Full marks to Edwin for all his efforts. Nominet’s proposals smack of greed. Nominet were one of the world’s most economical operators with reg fees from as low as £5 for two years. They have spent over a decaded promoting, and – telling everyone is “a great place to be”. That slogan will come back to haunt them. So will their Sept 2011 auction of two letter domains that racked in £3m. That auction sent out the message that was here to stay. Many domains were sold to overseas buyers. Those buyers have now seen their investment plummet and the news that the new shorter .uk is only open to uk based businesses is the ultimate smack in the face.

Nominet now want to charge £20 for the new domain. So Nominet will go from being the most economical operators to one of the most expensive. They say that the new domain will be ‘more secure’ but that’s just a game to try to force this new domain onto the market. This new domain is not wanted. Businesses are quite happy with the present arrangement. In nearly 10 years of domain investment no purchaser of a domain has ever said to us that they wanted a shorter .uk. I think everyone realised that the playing field was fair with most businesses opting for and non profits going for Nominet could have chosen .uk from the outset but they went for the present system because they would get a lot more domains registered.

Businesses who invested heavily in descriptive domains will be the biggest losers. Not just small businesses – look at LLoyds Bank who purchased a number of domains from misys in 2001 for a reported £750,000. The jewel of the deal was but Lloyds will not be given any preference in the new proposed Trademark holders come first under nominet’s proposals and Lloyds have not got a trademark for ‘insurance’ because that would have been nigh impossible to obtain. The same situation will happen with which is owned by barclays. Not surprisingly barclays do not have a trademark for the word ‘bank’. So it will be businesses, small and large, and many individuals who believed nominet when they said was ‘a great place to be’ who will suffer. I can see years of litigation. If nominet were a financial services company they would, no doubt, face misselling claims. They have promoted, and even auctioned, one product and then pulled another one out of their pocket. What sort of an advert is that for the UK?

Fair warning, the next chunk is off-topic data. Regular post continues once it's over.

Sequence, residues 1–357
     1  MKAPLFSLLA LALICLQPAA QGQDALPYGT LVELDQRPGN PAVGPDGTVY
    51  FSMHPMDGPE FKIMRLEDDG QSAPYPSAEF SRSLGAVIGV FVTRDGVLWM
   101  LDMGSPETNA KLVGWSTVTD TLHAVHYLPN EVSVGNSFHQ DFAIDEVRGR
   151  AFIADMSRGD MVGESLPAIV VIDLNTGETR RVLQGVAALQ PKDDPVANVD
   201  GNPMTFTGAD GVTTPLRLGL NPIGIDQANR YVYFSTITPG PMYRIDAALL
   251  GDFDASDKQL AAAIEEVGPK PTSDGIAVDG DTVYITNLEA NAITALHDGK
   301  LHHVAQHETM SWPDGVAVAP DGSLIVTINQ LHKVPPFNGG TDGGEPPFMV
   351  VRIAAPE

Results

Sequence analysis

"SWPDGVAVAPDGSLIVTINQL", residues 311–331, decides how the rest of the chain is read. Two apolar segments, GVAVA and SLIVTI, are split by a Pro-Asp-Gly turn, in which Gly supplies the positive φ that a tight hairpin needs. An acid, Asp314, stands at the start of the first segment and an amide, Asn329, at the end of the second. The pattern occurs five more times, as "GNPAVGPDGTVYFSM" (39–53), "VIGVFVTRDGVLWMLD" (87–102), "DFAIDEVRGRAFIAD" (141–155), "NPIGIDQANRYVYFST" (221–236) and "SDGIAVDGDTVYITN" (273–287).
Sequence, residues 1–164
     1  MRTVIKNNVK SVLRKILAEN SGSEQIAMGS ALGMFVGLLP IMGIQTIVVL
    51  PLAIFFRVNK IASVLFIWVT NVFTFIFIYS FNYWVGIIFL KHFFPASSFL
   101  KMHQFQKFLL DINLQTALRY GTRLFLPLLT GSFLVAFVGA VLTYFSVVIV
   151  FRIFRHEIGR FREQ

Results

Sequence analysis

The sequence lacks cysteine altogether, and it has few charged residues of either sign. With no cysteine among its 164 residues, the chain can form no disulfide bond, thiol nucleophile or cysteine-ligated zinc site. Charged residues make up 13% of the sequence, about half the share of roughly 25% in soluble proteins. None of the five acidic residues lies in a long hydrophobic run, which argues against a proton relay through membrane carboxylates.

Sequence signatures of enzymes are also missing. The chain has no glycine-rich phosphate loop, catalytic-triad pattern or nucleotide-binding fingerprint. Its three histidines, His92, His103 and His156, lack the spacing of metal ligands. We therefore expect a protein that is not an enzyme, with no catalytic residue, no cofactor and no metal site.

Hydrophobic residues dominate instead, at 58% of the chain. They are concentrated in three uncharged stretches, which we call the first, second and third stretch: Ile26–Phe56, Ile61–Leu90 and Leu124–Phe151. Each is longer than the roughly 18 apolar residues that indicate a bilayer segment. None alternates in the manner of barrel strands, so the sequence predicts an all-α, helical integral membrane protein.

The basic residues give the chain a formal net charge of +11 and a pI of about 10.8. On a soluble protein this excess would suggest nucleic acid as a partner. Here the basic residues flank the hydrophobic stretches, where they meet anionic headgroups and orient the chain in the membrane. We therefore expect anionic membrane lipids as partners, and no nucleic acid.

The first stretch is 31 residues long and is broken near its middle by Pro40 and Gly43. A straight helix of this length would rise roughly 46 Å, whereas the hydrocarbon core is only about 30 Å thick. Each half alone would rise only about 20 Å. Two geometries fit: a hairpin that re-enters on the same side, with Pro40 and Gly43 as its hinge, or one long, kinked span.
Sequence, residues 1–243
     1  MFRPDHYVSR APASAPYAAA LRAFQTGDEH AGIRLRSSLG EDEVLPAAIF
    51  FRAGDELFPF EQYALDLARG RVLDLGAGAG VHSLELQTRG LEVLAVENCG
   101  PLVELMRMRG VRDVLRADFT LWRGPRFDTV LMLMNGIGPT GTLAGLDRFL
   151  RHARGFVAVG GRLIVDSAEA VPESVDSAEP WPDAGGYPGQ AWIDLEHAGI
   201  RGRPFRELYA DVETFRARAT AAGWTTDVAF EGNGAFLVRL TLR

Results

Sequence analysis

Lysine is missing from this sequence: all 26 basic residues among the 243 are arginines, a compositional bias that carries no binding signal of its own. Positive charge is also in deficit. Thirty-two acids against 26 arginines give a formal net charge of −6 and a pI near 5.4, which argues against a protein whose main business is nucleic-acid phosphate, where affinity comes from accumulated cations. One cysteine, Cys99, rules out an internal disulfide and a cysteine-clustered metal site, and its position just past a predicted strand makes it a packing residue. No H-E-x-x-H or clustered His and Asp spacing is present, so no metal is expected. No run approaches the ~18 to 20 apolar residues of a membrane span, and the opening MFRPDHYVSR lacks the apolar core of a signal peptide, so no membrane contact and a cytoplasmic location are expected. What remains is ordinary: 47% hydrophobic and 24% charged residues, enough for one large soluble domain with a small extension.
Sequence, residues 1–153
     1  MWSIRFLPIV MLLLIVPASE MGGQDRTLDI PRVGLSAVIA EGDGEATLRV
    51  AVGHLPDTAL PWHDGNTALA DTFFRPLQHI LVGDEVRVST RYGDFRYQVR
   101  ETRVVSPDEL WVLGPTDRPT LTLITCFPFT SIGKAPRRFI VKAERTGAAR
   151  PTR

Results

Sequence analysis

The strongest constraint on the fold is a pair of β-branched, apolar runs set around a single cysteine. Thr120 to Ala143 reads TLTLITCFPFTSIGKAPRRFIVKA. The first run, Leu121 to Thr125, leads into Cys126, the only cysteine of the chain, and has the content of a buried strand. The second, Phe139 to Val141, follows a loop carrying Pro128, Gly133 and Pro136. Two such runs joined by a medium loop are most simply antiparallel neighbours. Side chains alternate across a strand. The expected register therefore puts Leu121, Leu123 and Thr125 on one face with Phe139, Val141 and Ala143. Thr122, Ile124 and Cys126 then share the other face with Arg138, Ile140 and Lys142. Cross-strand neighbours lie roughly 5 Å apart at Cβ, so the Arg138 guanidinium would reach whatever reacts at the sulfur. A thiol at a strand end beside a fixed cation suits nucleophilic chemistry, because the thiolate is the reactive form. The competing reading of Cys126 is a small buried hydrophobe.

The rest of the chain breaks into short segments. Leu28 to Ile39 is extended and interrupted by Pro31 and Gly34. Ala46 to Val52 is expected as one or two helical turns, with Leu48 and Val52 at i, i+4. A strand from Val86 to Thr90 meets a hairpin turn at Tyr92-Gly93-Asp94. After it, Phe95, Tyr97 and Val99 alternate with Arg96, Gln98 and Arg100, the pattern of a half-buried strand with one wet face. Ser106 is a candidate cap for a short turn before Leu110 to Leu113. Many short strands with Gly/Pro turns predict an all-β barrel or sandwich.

October 30, 2012 @ 1:34 pm EDT

Sorry I seem to have wiped my post which alerted everyone to the fact that nominet are still publishing their website – its still promoting and encouraging businesses to invest in that extension. There is no mention on the website that nominet have launched a consultation on the proposed introduction of a new shorter .uk extension in addition to the version. They should, in my opininion, either pull this site now or put up a clear warning on the homepage so that no more businesses invest large sums into without, at least, being told of nominet’s plans.


November 15, 2012 @ 6:19 pm EDT

Only tm holders should get priority rights. Didn’t everyone expect they would eventually shorten it? is ridiculous. .uk makes way more sense. didn’t give the .mx to existing owners. Welcome to the free market. They should open .uk up to everyone in and outside the UK. It would make a great extension. imho